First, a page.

So, if you’re like me, you’ve watched most of the seasons of Star Trek (and all of the movies) and oohed and ahhed at the technology of the future. If you haven’t – what are you waiting for? Get thee to Hulu!
So, in 2020, how close are we to actually getting our hands on some cool space-age gadget?
This is an easy one. Back in the 1960’s the little black boxes (that looked like flip phones) looked really nifty – and the range was unbelievable. One little voice command and someone on the ground could talk to someone orbiting over their heads – in space.
Nowadays – you can face time or use any other video technology to talk to pretty much anyone on earth from your smartphone – thanks to a network of orbiting satellites.
Verdict: Already here and maybe a bit better than make-believe (if you consider Instagram filters, that is.)
Now how cool was this innovation from Star Trek: The Next Generation? With a few simple programming steps, you could turn a room into an amazing 3-D virtual world filled with anything from a simulated warp-core engine to a bustling resort on an alien world.
Factoid for fans: Gene Roddenberry took inspiration for a holographic recreation room that appeared in the 1974 animated series from inventor Gene Dolgoff, who owned a holography laboratory in New York City that the Star Trek creator first visited in 1973.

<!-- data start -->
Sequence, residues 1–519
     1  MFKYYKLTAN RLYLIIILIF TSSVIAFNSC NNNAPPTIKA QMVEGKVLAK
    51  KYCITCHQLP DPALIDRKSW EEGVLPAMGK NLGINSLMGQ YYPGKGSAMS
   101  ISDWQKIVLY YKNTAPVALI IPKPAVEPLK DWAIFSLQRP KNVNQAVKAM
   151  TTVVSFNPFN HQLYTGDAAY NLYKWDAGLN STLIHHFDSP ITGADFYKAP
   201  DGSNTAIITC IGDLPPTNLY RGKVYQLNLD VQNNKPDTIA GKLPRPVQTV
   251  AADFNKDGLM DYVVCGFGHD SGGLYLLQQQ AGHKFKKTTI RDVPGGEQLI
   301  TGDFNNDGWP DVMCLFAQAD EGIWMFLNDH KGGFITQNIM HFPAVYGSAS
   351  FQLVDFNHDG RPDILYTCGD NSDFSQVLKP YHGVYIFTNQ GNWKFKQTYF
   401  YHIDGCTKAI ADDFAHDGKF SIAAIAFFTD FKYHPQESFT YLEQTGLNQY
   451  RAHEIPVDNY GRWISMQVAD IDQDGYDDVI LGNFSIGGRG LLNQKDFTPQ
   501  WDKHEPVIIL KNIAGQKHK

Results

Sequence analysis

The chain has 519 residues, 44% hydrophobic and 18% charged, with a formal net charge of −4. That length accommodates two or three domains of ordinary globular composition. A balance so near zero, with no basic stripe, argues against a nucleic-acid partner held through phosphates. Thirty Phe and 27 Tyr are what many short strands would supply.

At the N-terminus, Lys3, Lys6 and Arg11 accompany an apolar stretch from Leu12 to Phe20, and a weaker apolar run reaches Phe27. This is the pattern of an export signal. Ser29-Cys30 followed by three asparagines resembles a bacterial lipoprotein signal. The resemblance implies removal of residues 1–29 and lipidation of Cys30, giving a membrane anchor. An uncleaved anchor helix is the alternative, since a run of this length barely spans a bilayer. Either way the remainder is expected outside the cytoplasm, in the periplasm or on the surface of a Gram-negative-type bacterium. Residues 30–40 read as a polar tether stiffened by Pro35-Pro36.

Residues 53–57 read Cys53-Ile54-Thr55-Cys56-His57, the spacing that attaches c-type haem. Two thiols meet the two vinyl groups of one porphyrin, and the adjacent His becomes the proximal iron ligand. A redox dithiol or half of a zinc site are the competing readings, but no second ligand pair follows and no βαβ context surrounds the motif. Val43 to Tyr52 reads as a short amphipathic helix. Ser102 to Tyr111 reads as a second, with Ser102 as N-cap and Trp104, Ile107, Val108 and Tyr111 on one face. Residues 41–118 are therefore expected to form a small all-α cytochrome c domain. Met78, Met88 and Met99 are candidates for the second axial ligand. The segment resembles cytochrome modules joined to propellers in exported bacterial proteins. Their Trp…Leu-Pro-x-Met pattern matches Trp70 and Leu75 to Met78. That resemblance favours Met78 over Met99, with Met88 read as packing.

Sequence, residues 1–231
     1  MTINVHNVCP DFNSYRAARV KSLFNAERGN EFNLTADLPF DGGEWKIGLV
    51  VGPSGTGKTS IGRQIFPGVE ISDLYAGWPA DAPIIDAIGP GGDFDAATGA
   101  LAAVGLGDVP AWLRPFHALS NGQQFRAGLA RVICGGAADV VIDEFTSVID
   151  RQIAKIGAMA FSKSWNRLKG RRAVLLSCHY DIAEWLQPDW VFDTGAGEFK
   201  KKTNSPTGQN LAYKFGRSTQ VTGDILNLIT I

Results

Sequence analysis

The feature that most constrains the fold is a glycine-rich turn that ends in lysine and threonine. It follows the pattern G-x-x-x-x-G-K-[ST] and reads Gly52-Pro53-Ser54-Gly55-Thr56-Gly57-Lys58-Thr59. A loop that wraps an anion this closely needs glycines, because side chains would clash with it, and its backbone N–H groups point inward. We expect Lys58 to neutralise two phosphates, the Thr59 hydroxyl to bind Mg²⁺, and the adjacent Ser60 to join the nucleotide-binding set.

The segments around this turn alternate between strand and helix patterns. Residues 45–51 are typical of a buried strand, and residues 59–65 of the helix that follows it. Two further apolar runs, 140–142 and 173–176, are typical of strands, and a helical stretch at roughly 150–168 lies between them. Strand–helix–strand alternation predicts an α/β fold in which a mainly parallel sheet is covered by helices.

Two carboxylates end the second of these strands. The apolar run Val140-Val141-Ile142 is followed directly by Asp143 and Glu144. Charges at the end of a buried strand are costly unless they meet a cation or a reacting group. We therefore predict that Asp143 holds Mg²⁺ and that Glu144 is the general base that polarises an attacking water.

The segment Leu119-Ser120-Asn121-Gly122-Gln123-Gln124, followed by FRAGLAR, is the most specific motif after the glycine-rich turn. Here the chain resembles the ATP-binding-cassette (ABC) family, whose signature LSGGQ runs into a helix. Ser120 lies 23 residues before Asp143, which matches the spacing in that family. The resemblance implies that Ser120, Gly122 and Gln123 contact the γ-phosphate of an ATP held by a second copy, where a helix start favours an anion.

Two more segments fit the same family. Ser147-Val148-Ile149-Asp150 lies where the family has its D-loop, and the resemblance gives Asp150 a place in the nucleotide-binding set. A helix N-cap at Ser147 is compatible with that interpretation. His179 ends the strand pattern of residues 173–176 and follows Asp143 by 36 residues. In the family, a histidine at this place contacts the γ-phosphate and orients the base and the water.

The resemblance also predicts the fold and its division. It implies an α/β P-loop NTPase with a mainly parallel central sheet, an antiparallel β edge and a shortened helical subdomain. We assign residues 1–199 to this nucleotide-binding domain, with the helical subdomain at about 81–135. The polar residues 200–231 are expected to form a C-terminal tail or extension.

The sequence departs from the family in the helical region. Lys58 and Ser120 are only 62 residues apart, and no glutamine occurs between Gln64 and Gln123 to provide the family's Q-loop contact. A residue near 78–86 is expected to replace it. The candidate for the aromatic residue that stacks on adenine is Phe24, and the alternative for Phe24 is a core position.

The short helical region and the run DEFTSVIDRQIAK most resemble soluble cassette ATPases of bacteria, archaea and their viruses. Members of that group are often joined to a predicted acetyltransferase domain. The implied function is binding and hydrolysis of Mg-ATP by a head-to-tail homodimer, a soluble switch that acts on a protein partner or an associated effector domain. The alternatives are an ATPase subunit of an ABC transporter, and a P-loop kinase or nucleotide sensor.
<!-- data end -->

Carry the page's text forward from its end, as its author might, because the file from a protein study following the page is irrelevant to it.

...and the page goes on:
In reality: People are using virtual reality headsets for everything from games, to conference calls, to military training exercises and even for physical therapy.
Verdict: Not quite there yet. While the headsets are useful and cool, many people get dizzy or even nauseous with prolonged use and sometimes the graphics can lag behind movement. So, for this one, the total immersion of the fictitious holodeck isn’t quite there yet.
‘Beam me up Scotty!” This common utterance usually resulted in Captain Kirk being broken down into sparkly molecules that were beamed through space and reassembled almost instantaneously. It sounds a little scary but is quite intriguing as well. Imagine that an hour-long commute could be reduced to seconds, or that you could dine in Paris – or outer Mongolia – whenever you wanted!
It’s actually, theoretically possible. In 1993, a team of IBM researchers led by physicist Charles Bennett confirmed that quantum teleportation was possible, but only if the original object being teleported was destroyed. Yup, apparently the act of scanning something at the subatomic level disrupts the original such that the copy becomes the only surviving original.
So – basically – one could kind of imagine what happens if you teleport something multiple times (think what happens when you xerox a book page and then make a copy of the copy of the copy, of the copy, of the copy…)
And how about human teleportation? For a person to teleport, the teleporter’s computer would exactly map and analyze all of the trillion-trillion atoms in a human being’s body. Then this machine would have to send the atoms (and the person’s memories) to another location where yet another computer would reconstruct the person’s body exactly. With not a single atom out of place.
Even being off by a fraction of a millimeter would result in the person arriving with severe physical and neurological damage.
Verdict: Research actually continues, but we’re not even a little bit close. And after writing and re-reading the previous few sentences, I’m not sure I want to sign up to test anything in development. So: cool idea, might not even be possible (if you consider a little thing called physics.